Keep talking with your oncologist and surgeon. Schedule regular appointments. Typically, you should see them every 3 months for the first 2 years after treatment ends, every 6 months during years 3 through 5, and then annually for the rest of your life. But your schedule will depend on your specific diagnosis.
Nearly four out of every 10 Americans use some form of complementary and alternative medicine -- CAM -- to address a concern with their health. When megadose vitamins and healing prayer are included, the number jumps to more than six out of every 10. Is it possible that some form of CAM can be beneficial in the treatment of breast cancer? For example, what about acupuncture or tai chi? Can they add anything as a supplement to standard medical care?
Routine chest X-rays and blood tests in women who have no symptoms of cancer are not always reliable ways to check for the spread of breast cancer. But you will need regular blood tests if you had chemotherapy to make sure that your body has recovered from it.
Between medical visits, watch for any changes in your body. Most of the time, if cancer comes back, it's within 5 years of when the cancer was first treated.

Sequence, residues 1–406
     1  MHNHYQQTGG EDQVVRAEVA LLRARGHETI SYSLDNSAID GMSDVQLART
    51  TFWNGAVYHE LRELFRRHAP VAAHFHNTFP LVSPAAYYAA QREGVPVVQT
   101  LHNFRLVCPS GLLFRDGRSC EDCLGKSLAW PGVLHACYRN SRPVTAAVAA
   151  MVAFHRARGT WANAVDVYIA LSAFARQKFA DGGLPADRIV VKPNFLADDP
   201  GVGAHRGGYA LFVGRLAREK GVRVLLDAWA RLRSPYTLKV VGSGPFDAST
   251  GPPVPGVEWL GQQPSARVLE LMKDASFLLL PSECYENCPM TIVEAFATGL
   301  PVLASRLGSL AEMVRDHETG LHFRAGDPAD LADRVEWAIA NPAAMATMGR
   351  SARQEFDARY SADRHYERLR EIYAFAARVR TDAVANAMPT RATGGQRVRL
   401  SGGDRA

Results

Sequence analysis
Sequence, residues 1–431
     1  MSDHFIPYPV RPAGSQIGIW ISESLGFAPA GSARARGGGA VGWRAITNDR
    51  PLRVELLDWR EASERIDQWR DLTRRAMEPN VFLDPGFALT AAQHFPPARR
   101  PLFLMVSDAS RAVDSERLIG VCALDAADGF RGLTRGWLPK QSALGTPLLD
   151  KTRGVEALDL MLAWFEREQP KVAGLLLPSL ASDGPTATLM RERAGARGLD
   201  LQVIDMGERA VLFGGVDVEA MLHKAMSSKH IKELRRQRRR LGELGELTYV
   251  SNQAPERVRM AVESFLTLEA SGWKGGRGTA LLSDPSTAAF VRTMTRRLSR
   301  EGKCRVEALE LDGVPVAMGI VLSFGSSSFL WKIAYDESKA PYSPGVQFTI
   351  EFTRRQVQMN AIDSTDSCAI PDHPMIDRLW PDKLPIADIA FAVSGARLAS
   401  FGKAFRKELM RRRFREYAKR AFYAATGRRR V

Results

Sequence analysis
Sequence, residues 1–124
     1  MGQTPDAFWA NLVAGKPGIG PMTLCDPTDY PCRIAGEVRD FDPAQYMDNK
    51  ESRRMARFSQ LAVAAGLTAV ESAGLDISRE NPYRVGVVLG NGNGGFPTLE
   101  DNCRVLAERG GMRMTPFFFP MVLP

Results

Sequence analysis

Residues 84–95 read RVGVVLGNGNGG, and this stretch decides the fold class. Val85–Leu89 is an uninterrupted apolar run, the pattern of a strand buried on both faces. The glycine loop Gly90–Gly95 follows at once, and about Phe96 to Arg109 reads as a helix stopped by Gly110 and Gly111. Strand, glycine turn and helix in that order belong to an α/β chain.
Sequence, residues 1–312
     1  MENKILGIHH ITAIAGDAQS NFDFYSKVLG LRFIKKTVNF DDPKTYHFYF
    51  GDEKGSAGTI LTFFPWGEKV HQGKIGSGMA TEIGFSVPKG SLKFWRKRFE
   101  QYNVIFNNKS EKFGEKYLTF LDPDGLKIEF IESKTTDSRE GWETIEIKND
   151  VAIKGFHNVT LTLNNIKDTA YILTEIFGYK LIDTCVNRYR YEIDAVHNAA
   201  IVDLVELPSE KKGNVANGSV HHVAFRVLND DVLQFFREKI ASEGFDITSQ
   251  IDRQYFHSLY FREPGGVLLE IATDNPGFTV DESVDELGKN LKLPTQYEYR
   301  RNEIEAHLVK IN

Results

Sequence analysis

Women taking tamoxifen should look for any changes in uterine bleeding. Women on this drug who still have their uterus require an annual Pap smear, regardless of age.
If you need to see a gynecologist, or your primary care doctor for routine physicals, coordinate it with your oncologist.
Take care of your emotional and physical well-being. Make this a priority in life.
Avoid the tendency to compare your treatment plan and outcome with other breast cancer patients. Every diagnosis is a little different.
If you are postmenopausal, if you are taking an aromatase inhibitor, or if you've had chemotherapy in the past, get regular screening tests for osteoporosis.
What to Watch for
Make sure you give yourself regular breast self-exams. Pay attention to symptoms including: